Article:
Yes, I am a bad teacher. I've completely slacked on my Student Spotlight postings for this school year. (If you're not familiar with Student Spotlight, please take a look.) Not for lack of good essays, but for the abundance of essays to grade. Grading writing takes it out of you, especially analysis. However, better late than never! I am here today with a Student Spotlight essay for you on Faulkner's short story "A Rose for Emily."

This essay, titled "Emily Grierson is Dixie" was written by 11th grader Pablo S, who is in my AP Literature class. Extremely bright, Pablo blows me away with his ideas and writing ability. For example, AP's summer reading assignment only needed to be 10 paragraphs answering the 10 of 18 questions they chose to answer. Pablo's came to me in essay form, all of those topics weaved together, in MLA format no less!

We read "A Rose for Emily" during our study on the effect of plot on a story. As Pauline Hopkins writes in Contending Forces, “And after all, our surroundings influence our lives and characters as much as fate, destiny or any supernatural agency.” Students always excercise our studies through essay writing, the prompt always from AP Lit tests as far back as 1970. This time around students were to choose an essay from four given to analyze the plot of Faulkner's classic. Pablo's choice was from the 2012 AP Lit test:  Choose a novel or play in which cultural, physical, or geographical surroundings shape psychological or moral traits in a character. Then write a well-organized essay in which you analyze how surroundings affect this character and illuminate the meaning of the work as a whole. Avoid mere plot summary.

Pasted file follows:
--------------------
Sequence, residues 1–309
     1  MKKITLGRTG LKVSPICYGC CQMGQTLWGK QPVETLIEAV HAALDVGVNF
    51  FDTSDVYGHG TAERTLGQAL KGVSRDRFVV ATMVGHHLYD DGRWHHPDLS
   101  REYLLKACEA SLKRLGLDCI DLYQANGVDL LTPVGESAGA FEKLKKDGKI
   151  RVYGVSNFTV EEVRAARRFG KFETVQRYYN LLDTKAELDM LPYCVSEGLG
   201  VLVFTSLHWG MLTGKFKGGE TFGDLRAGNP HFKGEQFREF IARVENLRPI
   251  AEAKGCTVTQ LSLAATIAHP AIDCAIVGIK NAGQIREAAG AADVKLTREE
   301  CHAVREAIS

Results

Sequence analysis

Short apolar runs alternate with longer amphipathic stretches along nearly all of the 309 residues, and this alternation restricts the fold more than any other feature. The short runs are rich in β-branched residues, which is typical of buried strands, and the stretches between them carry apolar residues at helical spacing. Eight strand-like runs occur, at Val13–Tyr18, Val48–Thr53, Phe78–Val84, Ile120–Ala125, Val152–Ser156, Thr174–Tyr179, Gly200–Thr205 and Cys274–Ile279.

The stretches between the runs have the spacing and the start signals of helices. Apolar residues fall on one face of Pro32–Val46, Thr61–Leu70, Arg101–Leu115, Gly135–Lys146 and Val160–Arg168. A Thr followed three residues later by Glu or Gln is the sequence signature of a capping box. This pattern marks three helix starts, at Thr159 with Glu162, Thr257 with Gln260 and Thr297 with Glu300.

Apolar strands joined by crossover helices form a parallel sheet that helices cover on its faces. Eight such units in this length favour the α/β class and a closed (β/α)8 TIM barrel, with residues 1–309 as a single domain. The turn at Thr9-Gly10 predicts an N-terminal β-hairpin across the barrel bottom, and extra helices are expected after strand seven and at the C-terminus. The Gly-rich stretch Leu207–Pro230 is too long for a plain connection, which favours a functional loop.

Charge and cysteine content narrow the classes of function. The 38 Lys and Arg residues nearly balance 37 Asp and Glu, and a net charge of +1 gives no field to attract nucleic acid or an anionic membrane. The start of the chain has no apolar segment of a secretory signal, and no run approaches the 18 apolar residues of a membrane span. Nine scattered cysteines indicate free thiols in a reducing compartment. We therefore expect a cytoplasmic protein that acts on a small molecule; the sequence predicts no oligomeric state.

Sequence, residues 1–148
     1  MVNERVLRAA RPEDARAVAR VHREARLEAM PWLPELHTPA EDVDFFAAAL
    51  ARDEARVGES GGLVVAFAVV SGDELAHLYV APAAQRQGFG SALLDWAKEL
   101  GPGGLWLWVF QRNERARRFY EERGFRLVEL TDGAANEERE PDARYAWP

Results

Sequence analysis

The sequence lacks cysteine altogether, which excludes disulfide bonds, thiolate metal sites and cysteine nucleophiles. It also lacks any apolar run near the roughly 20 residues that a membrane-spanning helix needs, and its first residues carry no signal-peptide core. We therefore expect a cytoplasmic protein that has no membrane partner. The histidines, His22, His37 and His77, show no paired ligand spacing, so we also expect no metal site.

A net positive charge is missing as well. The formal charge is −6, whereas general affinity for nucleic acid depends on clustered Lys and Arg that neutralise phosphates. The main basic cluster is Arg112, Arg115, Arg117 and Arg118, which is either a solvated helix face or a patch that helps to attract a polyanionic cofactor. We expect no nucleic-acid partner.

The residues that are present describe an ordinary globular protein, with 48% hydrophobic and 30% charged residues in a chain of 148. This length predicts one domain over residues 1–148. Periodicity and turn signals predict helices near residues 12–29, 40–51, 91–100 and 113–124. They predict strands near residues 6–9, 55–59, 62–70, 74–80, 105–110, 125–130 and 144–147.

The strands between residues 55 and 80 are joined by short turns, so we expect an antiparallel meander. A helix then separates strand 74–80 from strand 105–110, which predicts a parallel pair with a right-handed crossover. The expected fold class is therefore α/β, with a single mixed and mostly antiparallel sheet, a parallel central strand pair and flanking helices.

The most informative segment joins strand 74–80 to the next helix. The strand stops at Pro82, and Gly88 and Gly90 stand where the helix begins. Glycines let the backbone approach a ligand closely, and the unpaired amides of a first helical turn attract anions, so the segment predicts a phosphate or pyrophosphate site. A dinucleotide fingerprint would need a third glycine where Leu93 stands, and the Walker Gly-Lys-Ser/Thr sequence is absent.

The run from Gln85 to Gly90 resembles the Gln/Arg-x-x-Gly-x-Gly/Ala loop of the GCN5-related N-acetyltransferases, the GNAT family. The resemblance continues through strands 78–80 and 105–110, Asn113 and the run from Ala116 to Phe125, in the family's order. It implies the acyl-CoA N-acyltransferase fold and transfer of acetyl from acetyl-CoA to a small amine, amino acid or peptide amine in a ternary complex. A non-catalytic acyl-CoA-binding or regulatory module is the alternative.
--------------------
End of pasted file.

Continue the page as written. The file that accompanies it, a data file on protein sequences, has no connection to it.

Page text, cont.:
Here it is. Enjoy.

Emily Grierson is Dixie
Emily Grierson is the frustration and distortion of the cultural and physical influences of her time. Symbolically, Emily is the South. The same culture that rejects Northern ideals and morals coincide with the way Emily lived her life.  Throughout the story, Emily reacts and counteracts as a representation of the relentless post-Civil War South. It is doubtless that her psychological traits and ethics are directly corresponding to that of the old Confederate States. This is the society that constructs Emily Grierson into a “fallen monument” (1) of her community.